• DPS requires families to submit their application by May 15th and a completed child development screening.

Drop-Off

When you drop your child off for their day at school, you will walk them to their classroom and help them transition to their school day. Families are encouraged to wash their hands with their child as they enter the classroom. Walking your child to your door is also a great way to build a relationship with your child’s teacher(s) and see your child’s work!

Morning Snack

After all students arrive and teachers are no longer greeting families at the door, the class washes their hands and sits down to have a healthy morning snack together.

Free Choice Activities

Free choice activities are also known as center time. Children choose between a variety of centers (examples listed below) that allow them to practice different skills. This also gives children the chance to focus on something that interests them, or to try new things. Typically, 2-3 children can do one center at a time, so while they build their developmental skills through their activity, they are also practicing their language and social skills.

Outdoor Play

Morning outdoor time is an opportunity for children to play games together or explore nature. Outdoor time is a great way for children to develop their gross motor skills and coordination. Teachers may plan specific activities, like scavenger hunts, weather observations, or obstacle courses, and other times children can choose their own activities and create their own games.

Morning Meeting

Morning meeting is a time for all the students to come together for welcome songs, friendship-building activities, story time, and more. Watch our video above to hear some of our Durham PreK teachers talk about morning meetings and circle time.

Free Choice Activities/ Teacher Small Groups

Many classrooms have free choice centers more than once a day. During one of those, teachers often call a few students at a time into a small group. These small groups are used to practice specific skills determined by the teacher. For example, the teacher may identify 3-4 students to read a story together. The groups rotate throughout the week so every child has at least one opportunity for small group learning.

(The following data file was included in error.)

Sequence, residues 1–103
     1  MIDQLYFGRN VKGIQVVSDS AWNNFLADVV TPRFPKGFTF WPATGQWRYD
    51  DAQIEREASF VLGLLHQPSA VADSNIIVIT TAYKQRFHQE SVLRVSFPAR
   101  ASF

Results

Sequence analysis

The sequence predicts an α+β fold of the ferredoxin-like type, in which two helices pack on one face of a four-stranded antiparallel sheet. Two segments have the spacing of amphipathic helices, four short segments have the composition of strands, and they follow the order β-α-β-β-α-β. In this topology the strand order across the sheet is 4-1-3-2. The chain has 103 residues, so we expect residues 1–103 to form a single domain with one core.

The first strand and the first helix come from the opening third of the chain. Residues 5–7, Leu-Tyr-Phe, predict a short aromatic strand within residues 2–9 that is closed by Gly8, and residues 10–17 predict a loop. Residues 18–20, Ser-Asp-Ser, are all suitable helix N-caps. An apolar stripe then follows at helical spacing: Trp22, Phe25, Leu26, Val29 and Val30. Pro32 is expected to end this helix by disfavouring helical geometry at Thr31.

Lunch

Children wash their hands and have a healthy lunch provided by the child care center each day.

Quiet Time

Quiet time is very important for child development and learning. Children’s minds are working hard all day to learn new things, practice social skills, and explore their interests. Dedicating time after lunch for rest allows their minds to absorb everything they learned in the morning and prepares them for the rest of the day.

Outdoor Time

Afternoon outdoor time is another opportunity for children to play games together or explore nature. Outdoor time is a great way for children to develop their gross motor skills and coordination. Sometimes, teachers plan specific activities, like scavenger hunts, weather observations, or obstacle courses, and other times children can choose their own activities and create their own games.

Afternoon Meeting

Afternoon meetings are a time for teachers to revisit the concepts they learned and books they read during the morning meeting or at other times during the week.

Afternoon Snack

After outdoor play and an afternoon meeting, children wash their hands and sit down to have their healthy afternoon snack.

Typical Day in a Pre-K Classroom

Use the up and down arrows to move through the different activities.

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Importance of Play

Research shows play-based learning is an effective way for children to learn, to prepare them for kindergarten and to develop their social-emotional skills. Play-based and child-centered instruction can also teach children to love learning.

Sources and More Information

Play in the Early Years from the Bay Area Early Childhood Funders, May 2007

Comprehensive Research Review Finds Lasting Effects of Quality Early Childhood Education through High School from the American Educational Research Association

Untangling the Evidence on Preschool Effectiveness: Insights for Policymakers from the Learning Policy Institute

NC Pre-K | North Carolina Prekindergarten Program Guidelines from DCDEE

Child Care Quality from Child Care Services Association

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The 2021-2022 Durham PreK Application is still open! Click here to access the application information and materials.